U.S workers glued to their screens (looking for jobs)


A fourth of employees who use a computer at work admit to having used it to look for a new job online, a U.S study has suggested.

The poll of 2,700 workers by recruitment firm Hudson found that, perhaps unsurprisingly, younger workers were more likely than their older counterparts to surf online job sites.

Nearly a third of 18 to 29-year-olds said they had searched for a job online while at work, compared with 21 per cent of those aged 40 to 49 and 15 per cent 50-64 year olds.

But employers should not panic or overreact, warned Kris Rzepkowski, Hudson North America interactive manager.

While workers should avoid conducting a job search on the company's time, bosses should temper their reaction if they find an employee searching an online job site, he suggested.

"Employees are not naïve enough to think they'll be with one company forever, especially if they're having a bad day," he said.

"Employers should recognise that and use it as a growth opportunity," he added.

That meant talking with the employee about any job or work-life balance problems or concerns, he stressed.

Just 12 per cent of the workers polled said they surfed the internet for personal reasons most days or every day, but among 18-29 year-olds this figure rose to 20 per cent.

Thirty-somethings were just above the average at 13 per cent, with 10 per cent of 40-to-49-year-olds and 8 per cent of 50-64 year-olds confessing to personal surfing while at work.

When it came to e-mail use, almost 30 per cent of the total sample said they sent and received personal e-mails most days or every day, a percentage that held roughly the same across all age groups.

When managers were compared with non-managers, personal use was about equal, although managers were likelier to send and receive personal e-mails (33 per cent against 26 per cent of non-managers.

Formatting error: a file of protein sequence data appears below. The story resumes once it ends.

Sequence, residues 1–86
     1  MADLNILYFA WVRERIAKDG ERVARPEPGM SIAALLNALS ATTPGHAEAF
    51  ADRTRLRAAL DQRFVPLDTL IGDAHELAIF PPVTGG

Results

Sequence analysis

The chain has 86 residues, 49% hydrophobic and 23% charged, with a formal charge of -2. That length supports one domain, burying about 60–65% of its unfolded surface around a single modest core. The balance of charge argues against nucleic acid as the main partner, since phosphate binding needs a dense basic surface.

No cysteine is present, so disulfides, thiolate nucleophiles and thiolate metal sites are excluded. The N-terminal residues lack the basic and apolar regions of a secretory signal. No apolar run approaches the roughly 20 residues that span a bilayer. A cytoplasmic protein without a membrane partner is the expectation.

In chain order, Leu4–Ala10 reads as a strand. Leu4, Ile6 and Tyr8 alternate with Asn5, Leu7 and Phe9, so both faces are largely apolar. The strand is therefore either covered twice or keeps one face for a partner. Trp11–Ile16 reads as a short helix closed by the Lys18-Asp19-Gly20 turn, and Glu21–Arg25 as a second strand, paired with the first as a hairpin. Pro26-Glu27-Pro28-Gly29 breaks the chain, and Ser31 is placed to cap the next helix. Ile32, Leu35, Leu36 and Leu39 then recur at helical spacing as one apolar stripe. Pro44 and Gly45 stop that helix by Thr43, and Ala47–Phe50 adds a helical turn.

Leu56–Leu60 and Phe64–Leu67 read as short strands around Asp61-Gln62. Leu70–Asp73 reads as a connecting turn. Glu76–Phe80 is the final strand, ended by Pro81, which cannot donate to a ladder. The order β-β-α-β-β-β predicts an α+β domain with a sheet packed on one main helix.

"Even the managers themselves are using the internet more for personal use at the office. Clearly, there's a lot of this going on," said Rzepkowski.

"When you're talking about companies really wanting to retain their employees and deal effectively with work-life balance issues, you'll find they're going to have some tolerance for this. This is one of those key issues to retaining your employees," he added.

But that doesn't mean all personal surfing and e-mailing is going to go down well with your boss, the survey cautioned.

More than a quarter of the workers said they knew someone who had been reprimanded or fired for misusing e-mail or the web.

"When the personal use is getting in the way of the employees' productivity on the job, that's where you're going to see the reprimand," Rzepkowski said.

Workers who use their work computer for personal use should clarify what their company's rules are, he advised.

"There's no excuse for not knowing the corporate policy," he said.

It is a good idea simply to ask your manager what's acceptable. Workers will "get a very good sense with direct interaction with their boss what's tolerable from a personal-use perspective," he said.

"Once there's a crossover into spending time when you're not on lunch break shopping or spending inordinate amounts of time checking your sports scores, that's when you're getting a problem."

Nearly half – 48 per cent – of the workers polled said their employer monitored e-mails and web site use, 40 per cent said their company did not monitor and 12 per cent were unsure.